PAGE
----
A Seattle-area woman who nearly died after consuming a wire bristle from a brush used to clean a grill at a family barbecue was warning others this week to be cautious.
Tammy Johnson of Puyallup, Wash., had severe pain after eating grilled chicken made at home.
“I just had pain. … You just wouldn’t think you had eaten something that would cause this,” she told KTLA sister station KCPQ in Seattle.
At the hospital, Johnson received an X-ray that showed a “foreign body” had punctured her intestine, prompting emergency surgery.
Then a bad infection developed after surgery and her intestines shut down. She almost died and remained hospitalized nearly two weeks later, KCPQ reported.
“It’s been very scary. The idea that you could just so easily take everything away … I just want to see tomorrow,” Johnson said.
Her husband feels guilty because he cleaned the grill before the barbecue, she said.
Amid her continuing recovery, Johnson said she was shocked to learn that others have undergone similar trauma after accidentally ingesting wire bristles.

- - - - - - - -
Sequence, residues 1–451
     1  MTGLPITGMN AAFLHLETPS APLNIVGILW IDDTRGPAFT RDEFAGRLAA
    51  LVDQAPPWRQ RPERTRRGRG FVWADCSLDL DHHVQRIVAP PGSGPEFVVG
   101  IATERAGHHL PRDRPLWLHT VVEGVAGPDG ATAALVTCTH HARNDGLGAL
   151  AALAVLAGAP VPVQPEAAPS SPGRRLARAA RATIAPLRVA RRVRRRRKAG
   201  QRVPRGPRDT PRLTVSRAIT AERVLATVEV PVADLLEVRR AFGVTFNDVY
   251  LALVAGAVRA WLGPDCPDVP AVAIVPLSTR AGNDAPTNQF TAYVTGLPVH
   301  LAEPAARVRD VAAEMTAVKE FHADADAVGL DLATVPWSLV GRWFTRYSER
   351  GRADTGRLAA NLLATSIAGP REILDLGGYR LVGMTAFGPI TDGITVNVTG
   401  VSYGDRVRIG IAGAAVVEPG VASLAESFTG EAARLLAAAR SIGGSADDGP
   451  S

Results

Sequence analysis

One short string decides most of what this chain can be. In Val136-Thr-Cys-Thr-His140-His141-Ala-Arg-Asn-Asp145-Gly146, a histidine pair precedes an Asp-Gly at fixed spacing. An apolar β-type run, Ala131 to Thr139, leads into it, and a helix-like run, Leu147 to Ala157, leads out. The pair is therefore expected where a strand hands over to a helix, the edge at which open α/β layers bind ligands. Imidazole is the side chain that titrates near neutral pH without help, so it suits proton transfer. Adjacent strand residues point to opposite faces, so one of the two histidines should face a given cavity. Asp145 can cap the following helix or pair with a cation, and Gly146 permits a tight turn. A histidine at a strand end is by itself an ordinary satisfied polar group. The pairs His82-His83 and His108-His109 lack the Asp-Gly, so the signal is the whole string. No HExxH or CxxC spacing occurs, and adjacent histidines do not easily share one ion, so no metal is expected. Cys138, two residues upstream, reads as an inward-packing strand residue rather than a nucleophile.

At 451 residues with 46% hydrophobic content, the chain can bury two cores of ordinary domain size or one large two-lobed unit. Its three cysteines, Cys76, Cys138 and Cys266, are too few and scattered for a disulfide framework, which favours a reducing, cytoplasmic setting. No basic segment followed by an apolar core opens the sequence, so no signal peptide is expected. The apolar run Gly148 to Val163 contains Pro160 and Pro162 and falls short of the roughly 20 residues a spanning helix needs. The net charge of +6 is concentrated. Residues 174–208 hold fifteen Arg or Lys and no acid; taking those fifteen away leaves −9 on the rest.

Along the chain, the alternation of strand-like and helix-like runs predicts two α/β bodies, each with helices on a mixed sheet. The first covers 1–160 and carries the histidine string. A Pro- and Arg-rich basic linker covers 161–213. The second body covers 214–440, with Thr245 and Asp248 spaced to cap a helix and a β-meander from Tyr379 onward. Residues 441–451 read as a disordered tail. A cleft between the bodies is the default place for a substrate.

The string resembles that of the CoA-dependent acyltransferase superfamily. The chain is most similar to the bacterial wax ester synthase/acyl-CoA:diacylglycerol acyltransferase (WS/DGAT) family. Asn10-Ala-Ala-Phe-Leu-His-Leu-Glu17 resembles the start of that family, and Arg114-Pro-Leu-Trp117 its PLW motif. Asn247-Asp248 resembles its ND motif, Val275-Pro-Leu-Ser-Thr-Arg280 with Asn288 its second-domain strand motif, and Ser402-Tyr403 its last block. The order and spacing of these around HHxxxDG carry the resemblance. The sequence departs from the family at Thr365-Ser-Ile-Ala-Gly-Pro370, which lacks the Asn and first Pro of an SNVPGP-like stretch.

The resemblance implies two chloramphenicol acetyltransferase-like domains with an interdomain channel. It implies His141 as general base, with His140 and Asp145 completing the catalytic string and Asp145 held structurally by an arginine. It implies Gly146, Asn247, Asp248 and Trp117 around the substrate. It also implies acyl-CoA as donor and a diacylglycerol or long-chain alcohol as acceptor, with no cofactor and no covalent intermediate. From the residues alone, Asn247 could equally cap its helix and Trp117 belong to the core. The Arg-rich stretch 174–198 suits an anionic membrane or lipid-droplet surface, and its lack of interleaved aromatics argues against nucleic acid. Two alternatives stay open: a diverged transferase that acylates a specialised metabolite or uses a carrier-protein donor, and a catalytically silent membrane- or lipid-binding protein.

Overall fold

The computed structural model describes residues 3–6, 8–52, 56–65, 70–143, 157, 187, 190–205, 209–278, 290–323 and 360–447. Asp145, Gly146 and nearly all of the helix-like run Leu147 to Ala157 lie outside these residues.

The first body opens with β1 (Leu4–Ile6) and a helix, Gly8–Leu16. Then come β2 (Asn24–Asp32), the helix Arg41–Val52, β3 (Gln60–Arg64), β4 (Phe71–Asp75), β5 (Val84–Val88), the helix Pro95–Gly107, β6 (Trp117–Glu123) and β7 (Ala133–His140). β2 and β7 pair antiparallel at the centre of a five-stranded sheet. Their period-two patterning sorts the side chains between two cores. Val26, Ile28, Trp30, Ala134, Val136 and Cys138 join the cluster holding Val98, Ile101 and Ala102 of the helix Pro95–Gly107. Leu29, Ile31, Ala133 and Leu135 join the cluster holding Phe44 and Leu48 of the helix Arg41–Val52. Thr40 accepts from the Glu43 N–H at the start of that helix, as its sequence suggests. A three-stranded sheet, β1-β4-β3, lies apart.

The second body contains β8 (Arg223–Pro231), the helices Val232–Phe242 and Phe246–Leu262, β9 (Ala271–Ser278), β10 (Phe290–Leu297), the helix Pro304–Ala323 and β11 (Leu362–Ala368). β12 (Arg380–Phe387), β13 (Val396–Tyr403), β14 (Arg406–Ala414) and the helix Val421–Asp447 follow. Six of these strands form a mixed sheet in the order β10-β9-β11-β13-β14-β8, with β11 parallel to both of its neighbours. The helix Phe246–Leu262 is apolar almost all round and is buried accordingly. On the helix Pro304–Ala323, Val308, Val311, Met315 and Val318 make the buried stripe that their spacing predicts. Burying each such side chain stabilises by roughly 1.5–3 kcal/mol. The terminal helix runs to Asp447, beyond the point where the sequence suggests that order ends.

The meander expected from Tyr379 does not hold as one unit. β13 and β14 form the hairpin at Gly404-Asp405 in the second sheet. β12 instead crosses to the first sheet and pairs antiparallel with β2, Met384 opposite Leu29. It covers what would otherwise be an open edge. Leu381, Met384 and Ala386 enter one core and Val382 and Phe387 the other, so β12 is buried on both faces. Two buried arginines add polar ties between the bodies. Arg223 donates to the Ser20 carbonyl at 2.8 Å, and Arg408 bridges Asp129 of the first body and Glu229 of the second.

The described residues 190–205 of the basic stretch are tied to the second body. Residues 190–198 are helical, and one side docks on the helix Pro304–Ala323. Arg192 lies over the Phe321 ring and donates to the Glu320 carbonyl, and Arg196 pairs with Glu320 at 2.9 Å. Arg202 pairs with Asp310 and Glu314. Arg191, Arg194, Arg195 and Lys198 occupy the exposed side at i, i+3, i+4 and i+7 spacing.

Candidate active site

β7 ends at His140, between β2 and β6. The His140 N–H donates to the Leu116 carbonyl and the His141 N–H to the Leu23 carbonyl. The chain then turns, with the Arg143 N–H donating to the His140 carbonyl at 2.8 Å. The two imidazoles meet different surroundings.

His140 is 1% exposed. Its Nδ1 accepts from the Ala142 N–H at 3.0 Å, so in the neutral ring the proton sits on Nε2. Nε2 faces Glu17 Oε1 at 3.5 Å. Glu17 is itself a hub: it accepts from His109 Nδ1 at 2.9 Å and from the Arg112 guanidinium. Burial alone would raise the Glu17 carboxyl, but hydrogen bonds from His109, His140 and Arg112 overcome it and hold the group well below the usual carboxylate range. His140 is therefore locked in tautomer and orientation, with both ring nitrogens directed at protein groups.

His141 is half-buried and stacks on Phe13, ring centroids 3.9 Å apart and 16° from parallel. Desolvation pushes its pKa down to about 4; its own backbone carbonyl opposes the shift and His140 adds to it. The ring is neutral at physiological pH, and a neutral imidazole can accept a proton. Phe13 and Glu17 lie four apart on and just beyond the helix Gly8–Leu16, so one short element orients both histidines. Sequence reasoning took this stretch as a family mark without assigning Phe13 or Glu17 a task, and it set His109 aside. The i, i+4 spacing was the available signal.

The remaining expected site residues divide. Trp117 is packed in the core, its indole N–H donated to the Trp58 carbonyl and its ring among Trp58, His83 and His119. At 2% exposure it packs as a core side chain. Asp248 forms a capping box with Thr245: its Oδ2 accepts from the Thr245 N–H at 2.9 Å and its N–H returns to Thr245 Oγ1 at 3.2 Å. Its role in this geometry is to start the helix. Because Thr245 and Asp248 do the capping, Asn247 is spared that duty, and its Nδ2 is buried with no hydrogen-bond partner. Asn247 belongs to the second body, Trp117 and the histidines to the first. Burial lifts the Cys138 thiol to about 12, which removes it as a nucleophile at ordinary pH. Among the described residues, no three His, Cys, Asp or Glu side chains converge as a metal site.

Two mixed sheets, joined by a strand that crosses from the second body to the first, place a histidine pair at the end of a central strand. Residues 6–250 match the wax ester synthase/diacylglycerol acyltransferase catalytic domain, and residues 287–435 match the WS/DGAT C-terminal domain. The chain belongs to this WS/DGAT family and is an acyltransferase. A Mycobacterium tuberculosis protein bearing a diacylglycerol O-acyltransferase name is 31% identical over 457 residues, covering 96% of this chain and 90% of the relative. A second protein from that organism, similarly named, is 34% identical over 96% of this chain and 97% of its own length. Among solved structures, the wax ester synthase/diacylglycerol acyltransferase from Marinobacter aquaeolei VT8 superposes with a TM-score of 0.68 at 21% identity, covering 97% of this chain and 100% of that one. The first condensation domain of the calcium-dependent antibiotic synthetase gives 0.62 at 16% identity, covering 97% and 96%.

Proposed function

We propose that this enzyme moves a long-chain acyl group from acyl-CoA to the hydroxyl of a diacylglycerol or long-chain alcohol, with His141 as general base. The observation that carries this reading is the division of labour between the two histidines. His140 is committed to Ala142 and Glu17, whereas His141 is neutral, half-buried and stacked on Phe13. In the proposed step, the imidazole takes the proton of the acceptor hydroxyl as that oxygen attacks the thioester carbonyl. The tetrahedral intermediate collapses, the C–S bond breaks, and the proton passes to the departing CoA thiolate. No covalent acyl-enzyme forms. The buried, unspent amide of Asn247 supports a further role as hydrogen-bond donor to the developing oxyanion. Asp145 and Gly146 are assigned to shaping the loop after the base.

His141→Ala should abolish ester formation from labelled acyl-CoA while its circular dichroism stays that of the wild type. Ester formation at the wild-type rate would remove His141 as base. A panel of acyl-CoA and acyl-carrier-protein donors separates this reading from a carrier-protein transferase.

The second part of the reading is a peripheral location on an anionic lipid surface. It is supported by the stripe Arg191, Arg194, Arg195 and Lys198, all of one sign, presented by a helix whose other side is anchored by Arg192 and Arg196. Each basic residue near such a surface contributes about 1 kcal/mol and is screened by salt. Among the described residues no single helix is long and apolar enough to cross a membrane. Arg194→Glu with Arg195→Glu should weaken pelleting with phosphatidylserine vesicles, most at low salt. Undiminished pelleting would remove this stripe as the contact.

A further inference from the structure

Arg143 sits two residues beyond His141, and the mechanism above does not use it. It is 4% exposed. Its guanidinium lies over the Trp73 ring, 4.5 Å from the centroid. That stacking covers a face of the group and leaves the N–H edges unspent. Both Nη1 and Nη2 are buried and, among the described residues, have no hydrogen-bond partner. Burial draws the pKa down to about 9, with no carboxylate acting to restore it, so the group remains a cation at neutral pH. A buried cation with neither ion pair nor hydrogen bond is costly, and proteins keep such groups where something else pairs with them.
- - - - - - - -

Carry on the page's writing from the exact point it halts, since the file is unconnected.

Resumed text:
The Centers for Disease Control and Prevention drew attention to the problem in 2012, when it published the accounts of six patients who had similar injuries within a one-year period at just one hospital.
All six patients had been grilling at home and had used wire grill-cleaning brushes.
“The severity of injury ranged from puncture of the soft tissues of the neck, causing severe pain on swallowing, to perforation of the gastrointestinal tract requiring emergent surgery,” the CDC report stated.
The report was intended to raise awareness among medical professionals and the public and wire-brush makers and retailers.
In advance of possible Father’s Day grilling festivities, Johnson too wanted to raise awareness.
“They sell brushes right along with the grills,” she said. “Don’t do it. There are other ways to clean (grills). … It’s just not worth that chance.”
The CDC recommended that grill-masters consider alternative cleaning methods or carefully examine the grilling surface for the presences of bristles before cooking.